Resolving conflict

Getting at the underlying issue can end the vicious cycle of pain that marks familyfights.

BY Kenneth Kaye

When she heard her terminally ill husband and two sons start yet another round of nasty squabbling, Grace Spyros could do little but mutter, "Here we go again." She knew the combatants' habits well enough. Any minor matter could provoke a sudden outburst. After the fighting ended, several days of stony silence would settle upon the household. Then the men would change into their best behavior, which they wore like overly starched shirts. Within days, the cycle would begin again.

Traditional methods of conflict resolution assume that people are truly fighting about what they say they are fighting about and that they want to resolve their problems rationally. Family arguments, however, are far more subtle and far less rational. Family members frequently conspire to sustain conflict because it helps them avoid something they fear might be even worse than the devil they know.

Conflicts that mask hidden fears tend to follow a predictable circular pattern (see "Cycle of conflict," below): As anxiety builds, family members initiate arguments that distract them from critical issues. The encounters escalate into destructive battles, which create more anxiety. Eventually, tempers cool down. Sooner or later the family's unresolved dilemmas resurface and the cycle begins once again.

The only way to break this vicious pattern is for families to confront the very issues they have diligently avoided. Sometimes they know painfully well what those issues are and merely need a sensitive advisor to help them talk candidly and constructively. Other times families bury their most important problems so deeply that they need a family therapist.

Unaddressed fears can often be identified by asking, "What would happen if. . . ?" For example, "What might happen if you weren't fighting about parking places?"

"We'd be fighting about something else."

"And what if you didn't fight about anything?"

"Then Dad wouldn't have any reason to yell at us."

In the case of the fictional Spyros family, son John thought he was making a wisecrack, which did indeed partly explain the group's behavior. I asked the family a series of "what if' questions, concluding with this one:"What would it feel like if Ted weren't yelling?" The answer was startling. When the gravely ill patriarch yelled at his sons, the family could pretend he was well.

Analyzing a chronic circular conflict can accomplish several things at once. After family members have identified their shared fears, they can begin to isolate the triggers that divert them into unproductive battles.In the Spyros family, the surest trigger was Ted's decision to take a day off from work because he was feeling ill. One son would pick on the other, who would start a shouting match that would escalate until Ted got involved. A lot of angry words were hurled, but no one ever mentioned what was foremost in his mind-grief for a dying father.

Although conflict can hurt a family and ruin a closely held business, it can also create opportunity. The greatest benefit of analyzing the cycle of repeated clashes is that family members leam routinely to ask one another, "What would happen if... ?"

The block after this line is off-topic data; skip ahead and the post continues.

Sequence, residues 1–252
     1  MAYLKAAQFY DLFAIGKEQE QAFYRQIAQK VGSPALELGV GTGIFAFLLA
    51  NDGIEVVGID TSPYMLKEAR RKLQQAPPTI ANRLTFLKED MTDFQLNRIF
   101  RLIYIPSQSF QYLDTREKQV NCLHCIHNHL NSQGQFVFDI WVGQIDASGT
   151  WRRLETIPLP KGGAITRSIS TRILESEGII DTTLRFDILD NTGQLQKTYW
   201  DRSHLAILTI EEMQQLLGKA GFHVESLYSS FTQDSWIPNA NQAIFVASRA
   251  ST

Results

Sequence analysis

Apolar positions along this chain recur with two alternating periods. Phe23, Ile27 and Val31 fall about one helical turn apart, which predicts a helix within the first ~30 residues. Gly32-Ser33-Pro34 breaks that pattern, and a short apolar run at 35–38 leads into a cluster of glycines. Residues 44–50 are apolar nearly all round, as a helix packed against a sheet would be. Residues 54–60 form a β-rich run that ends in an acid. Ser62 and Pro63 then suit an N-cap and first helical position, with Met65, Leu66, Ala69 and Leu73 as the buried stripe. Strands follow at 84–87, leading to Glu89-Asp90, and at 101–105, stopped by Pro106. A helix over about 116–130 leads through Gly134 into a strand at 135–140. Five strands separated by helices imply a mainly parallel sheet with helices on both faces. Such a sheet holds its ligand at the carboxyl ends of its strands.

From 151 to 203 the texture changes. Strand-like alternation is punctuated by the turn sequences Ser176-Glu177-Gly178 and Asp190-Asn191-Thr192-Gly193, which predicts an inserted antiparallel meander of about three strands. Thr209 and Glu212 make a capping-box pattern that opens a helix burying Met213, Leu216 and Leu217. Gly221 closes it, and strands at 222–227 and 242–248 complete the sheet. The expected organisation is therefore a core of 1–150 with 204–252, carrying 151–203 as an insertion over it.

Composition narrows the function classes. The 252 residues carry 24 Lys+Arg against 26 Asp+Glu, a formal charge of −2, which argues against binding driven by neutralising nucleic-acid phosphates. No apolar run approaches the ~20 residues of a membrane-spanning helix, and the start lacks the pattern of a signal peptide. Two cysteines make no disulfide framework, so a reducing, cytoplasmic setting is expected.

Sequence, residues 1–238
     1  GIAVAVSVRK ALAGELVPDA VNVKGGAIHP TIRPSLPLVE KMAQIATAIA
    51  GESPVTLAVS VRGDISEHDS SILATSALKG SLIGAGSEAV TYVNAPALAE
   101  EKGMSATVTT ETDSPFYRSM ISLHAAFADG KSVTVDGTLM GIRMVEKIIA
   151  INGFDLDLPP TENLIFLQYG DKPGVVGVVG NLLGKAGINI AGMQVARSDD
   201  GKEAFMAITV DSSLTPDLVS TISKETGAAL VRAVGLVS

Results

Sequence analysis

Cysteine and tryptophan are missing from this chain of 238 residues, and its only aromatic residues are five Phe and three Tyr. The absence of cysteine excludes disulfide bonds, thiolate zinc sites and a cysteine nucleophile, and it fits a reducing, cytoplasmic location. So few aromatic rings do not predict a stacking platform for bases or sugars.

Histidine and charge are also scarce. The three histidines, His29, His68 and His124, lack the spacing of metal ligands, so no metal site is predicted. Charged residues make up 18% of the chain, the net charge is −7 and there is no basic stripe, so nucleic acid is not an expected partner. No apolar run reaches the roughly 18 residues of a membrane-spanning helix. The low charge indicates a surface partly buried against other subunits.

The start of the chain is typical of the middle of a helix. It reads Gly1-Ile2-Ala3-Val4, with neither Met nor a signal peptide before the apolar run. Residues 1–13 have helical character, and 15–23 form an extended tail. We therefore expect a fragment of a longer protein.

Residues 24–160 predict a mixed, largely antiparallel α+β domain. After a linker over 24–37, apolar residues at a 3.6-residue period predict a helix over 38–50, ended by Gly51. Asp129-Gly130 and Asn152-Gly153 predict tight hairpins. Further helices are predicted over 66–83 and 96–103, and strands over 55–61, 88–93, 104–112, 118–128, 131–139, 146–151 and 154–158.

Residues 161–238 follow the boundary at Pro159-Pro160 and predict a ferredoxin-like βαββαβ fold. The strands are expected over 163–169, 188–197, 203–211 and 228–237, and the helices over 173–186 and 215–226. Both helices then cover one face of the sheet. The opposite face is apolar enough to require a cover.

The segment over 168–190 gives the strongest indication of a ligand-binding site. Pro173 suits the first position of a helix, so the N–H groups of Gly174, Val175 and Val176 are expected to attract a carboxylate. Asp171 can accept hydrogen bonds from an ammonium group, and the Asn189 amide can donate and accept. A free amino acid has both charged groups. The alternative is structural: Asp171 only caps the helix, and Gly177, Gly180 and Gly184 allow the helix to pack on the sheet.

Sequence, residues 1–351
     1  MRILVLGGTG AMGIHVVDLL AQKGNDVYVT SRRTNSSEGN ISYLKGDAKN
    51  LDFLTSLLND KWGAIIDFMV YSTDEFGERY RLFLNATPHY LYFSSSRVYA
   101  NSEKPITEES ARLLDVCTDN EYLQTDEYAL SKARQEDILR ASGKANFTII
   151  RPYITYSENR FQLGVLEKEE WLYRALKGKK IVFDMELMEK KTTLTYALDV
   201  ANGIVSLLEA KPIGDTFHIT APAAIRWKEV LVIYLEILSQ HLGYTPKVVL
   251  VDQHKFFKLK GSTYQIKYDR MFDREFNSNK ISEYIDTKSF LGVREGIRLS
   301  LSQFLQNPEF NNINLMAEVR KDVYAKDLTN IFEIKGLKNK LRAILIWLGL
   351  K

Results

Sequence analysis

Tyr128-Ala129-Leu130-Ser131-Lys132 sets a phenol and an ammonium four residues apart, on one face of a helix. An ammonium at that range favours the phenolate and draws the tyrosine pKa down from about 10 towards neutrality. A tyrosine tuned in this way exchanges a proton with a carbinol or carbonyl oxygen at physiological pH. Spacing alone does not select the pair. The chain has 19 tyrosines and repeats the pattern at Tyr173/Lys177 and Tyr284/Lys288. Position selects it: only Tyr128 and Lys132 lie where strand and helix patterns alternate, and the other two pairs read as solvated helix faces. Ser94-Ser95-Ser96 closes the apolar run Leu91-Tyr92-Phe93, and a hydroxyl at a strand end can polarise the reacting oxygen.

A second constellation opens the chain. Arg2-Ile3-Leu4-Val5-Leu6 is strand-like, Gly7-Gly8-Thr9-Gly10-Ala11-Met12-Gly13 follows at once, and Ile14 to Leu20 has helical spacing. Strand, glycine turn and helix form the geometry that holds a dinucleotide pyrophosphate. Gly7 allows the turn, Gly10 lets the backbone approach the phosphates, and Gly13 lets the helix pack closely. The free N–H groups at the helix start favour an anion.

Here is how conflict and resolution played itself out in 'Ted's family. Doctors told Ted that he'd die of cancer within six months. One year later, Ted was still alive, but pain caused the 54-year-old to spend fewer and fewer hours at his business. For years, 'Ted and Grace worried that their sons would never get along. Now they feared that Ted's illness would somehow make those fears come true.

The two boys invariably argued whenever their father was too ill to work.Ted, who could bellow with the best, would soon be drawn into the argument.The sons had thus resuscitated their tough, vigorous father, if only for a while. If the argument lasted into the evening, the sisters were sure to get involved, telling their brothers to stop acting like babies. This provoked louder shouting. Eventually, Ted would go into a coughing fit, the women would chastise the boys for "goading" their father, and then the arguing would cease. Within a few days, however, sadness and panic stirred the sons to new conflicts.

Curiously, the word "death" was taboo in this family. In our meetings, the family referred only to "the situation." I began to explore what might hap pen if the relatives acknowledged their grief and discussed the problems that lay ahead. I interrupted one of their shouting matches and asked everyone in the room what he or she was feeling. Ted felt "angry." The women felt "aggravated." One son felt "accused," and the other felt "happy because our personalities are finally getting dealt with." I then said I was feeling sad about Ted's prognosis.

I asked, "What might your family be like a year from now if your dad's not around After a silence, one daughter replied, "I'm afraid we'll fall apart as a family." She thought that if her two brothers weren't forced to work together, both would distance themselves from the family. The children also feared that their mother wouldn't be able to function without Ted. Grace assured them that she was stronger than they realized.

Only by talking about their concerns was the family able to begin atrue heal- ing process. Ted's sons have not become close friends or effective partners, but they finally broke out of their self-destructive patterns and began to talk about the serious matter of what to do with their father's business.

Kenneth Kaye, a Chicago psychologist, won the Family Firm Institute's 1990 Contribution to the Field Award for his paper, "Penetrating the Cycle of Sustained Conflict," to be published in the Spring 1991 issue of Family Business Review.